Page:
The recorded levels of pupils cycling to school each year have reached their highest ever, according to research released by Sustrans Scotland.
The findings form part of the annual 2017 Hands Up Scotland Survey, an Official Statistic in Scotland. Funded by Transport Scotland, the survey was carried out by Sustrans Scotland in partnership with all 32 Scottish local authorities.
A total of 3.7% of school pupils said they cycled to school in 2017, up from 2.8% in 2010. The increase was highest in secondary schools, which marked a 0.4 percentage point increase in cycling levels over the past year (from 0.9% in 2016, to 1.3% in 2017).
Now in its 10th year, the Hands Up Scotland Survey, which asks children how they normally travel to school, also registered the highest ever number of participants - 515,005, across nursery, primary, secondary, independent and special educational needs (SEN) schools.
Active travel is still the most frequently reported mode of travelling to school in Scotland. Of the 48.8% of pupils who said they normally get to school in an active way, 3.7% said they used their bikes and 2.8% said they arrived on scooter, or skated to school. A further 42.3% said they walked to school, a decrease from 2016.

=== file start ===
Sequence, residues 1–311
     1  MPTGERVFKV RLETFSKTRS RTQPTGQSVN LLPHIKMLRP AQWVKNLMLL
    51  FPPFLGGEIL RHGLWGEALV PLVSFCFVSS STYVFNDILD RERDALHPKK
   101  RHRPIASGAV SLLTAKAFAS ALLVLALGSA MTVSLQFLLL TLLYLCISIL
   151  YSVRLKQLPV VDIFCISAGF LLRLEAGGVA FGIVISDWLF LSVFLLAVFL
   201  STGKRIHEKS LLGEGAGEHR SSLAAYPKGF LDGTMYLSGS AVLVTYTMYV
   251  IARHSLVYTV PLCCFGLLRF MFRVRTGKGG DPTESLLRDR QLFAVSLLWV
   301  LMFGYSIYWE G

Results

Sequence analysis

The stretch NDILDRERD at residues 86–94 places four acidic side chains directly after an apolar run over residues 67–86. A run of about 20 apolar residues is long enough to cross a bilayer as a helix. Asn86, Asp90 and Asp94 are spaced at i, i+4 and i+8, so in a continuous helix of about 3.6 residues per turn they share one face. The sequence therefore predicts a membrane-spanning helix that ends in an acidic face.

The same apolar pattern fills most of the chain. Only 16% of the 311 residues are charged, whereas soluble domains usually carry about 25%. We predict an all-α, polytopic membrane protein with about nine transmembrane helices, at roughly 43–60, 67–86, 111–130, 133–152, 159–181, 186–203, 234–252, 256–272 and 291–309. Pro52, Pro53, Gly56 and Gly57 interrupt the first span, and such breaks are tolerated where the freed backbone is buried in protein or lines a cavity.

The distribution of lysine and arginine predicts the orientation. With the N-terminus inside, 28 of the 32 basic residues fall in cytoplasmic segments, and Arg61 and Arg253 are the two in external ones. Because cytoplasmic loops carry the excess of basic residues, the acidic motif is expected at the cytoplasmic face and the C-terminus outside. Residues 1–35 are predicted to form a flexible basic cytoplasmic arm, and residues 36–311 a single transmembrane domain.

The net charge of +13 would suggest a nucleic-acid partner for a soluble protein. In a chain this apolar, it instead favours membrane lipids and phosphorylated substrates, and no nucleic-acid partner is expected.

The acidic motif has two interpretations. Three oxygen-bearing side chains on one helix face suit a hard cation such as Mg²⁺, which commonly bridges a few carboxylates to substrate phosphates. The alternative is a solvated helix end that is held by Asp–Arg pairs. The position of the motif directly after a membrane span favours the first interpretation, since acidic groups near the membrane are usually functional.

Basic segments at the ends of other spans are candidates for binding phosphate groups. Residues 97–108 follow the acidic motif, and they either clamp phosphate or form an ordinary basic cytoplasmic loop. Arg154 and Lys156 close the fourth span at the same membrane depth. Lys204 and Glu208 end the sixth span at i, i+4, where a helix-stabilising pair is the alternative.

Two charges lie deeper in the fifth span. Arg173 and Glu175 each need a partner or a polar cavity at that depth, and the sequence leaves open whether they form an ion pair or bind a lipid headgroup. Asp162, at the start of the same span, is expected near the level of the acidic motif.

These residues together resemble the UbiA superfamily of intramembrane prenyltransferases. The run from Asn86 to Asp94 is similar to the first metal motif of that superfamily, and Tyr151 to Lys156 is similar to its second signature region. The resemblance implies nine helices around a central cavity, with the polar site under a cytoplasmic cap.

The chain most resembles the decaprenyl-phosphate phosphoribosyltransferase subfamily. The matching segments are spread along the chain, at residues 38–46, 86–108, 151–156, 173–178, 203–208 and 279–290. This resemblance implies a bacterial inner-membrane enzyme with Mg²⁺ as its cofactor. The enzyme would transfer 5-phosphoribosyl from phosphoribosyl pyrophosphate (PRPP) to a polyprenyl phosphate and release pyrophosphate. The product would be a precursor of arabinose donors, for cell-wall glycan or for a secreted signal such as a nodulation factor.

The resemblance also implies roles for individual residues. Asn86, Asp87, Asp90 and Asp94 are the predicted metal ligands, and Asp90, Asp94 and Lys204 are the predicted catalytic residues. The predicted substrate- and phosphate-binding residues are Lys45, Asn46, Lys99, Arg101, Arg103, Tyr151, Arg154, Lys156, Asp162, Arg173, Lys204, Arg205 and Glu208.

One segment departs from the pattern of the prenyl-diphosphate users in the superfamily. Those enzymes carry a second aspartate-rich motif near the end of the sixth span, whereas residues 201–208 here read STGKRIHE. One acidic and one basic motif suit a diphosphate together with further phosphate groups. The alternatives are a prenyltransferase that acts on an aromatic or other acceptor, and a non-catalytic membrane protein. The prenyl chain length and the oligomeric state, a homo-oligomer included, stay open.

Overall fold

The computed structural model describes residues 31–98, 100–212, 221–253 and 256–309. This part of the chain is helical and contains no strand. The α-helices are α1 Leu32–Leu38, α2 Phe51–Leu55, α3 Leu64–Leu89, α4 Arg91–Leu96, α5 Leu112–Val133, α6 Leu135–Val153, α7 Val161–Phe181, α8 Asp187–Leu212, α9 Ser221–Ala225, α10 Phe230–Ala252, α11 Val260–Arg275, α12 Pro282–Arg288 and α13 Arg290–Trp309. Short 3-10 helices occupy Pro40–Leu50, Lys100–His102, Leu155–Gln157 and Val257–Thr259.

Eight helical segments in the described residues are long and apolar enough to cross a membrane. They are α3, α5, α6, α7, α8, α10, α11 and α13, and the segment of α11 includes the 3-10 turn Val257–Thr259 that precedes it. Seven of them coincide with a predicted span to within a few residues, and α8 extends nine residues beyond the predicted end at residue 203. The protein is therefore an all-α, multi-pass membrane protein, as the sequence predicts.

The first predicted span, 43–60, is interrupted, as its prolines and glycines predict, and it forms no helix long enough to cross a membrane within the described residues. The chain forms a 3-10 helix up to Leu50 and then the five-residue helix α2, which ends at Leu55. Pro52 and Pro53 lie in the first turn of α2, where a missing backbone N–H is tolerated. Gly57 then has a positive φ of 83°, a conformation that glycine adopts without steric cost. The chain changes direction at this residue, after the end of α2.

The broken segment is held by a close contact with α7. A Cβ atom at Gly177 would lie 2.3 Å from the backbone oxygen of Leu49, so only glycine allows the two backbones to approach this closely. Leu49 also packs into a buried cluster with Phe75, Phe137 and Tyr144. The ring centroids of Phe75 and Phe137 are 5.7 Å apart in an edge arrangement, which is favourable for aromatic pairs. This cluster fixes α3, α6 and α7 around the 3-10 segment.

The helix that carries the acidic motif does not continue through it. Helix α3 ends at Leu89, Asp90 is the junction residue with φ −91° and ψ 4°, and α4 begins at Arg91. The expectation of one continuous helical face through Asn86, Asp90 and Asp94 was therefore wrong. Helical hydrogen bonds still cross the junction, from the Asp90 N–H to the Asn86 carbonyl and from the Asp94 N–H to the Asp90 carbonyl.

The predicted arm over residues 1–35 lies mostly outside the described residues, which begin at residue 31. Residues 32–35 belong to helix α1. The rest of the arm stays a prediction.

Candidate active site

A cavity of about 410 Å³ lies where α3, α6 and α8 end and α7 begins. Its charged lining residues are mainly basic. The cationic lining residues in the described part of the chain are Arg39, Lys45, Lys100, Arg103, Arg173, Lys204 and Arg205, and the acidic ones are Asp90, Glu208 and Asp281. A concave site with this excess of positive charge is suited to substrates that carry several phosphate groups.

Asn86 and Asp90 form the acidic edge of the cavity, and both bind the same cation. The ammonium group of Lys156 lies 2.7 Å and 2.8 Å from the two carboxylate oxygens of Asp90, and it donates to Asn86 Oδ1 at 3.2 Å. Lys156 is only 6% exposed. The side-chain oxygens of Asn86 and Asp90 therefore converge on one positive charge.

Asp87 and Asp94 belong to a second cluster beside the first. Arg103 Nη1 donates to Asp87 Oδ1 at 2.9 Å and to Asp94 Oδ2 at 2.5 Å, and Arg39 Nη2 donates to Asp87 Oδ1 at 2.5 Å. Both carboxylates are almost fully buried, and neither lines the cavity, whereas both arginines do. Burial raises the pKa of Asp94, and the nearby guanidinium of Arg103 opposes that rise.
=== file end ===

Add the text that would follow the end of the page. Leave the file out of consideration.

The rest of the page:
16.5% of pupils said they normally travelled by bus, and 24.5% said they travelled by car or taxi (22.8% and 1.6% respectively). 9.7% said they travelled via park and stride.
Commenting on the findings, Sustrans Scotland’s National Director John Lauder said: “We want to thank all the schools who took part in the 2017 Hands Up Scotland Survey.
“The survey is crucial in helping local authorities and partners to build a more accurate picture of how Scotland’s children travel to and from school, and helps to pin-point areas where more work can be done.
“The Hands Up Scotland Survey is an especially valuable tool for local authorities and partners giving them the opportunity to see school travel data at a regional level which can help support their work in the area.
“It is particularly encouraging to see a continued rise in the number of pupils cycling to school each day. Research has shown that increased physical activity can help us lead healthier – and happier – lives. By encouraging young people to travel actively for their journey to school, we can ensure Scotland’s children develop healthier travel habits that will be continued later in life.”
Earlier this week, Sustrans announced the launch of their Safer Routes to School fund. Funded by the Scottish Government and delivered by Sustrans Scotland, the fund aims to transform the school run into a safe, attractive and healthy option for pupils and parents who want to travel actively.
Projects aimed at tackling dangerous driving practices around school, creating priority crossings or increasing safety at school entrances through child-friendly placemaking are also encouraged to apply.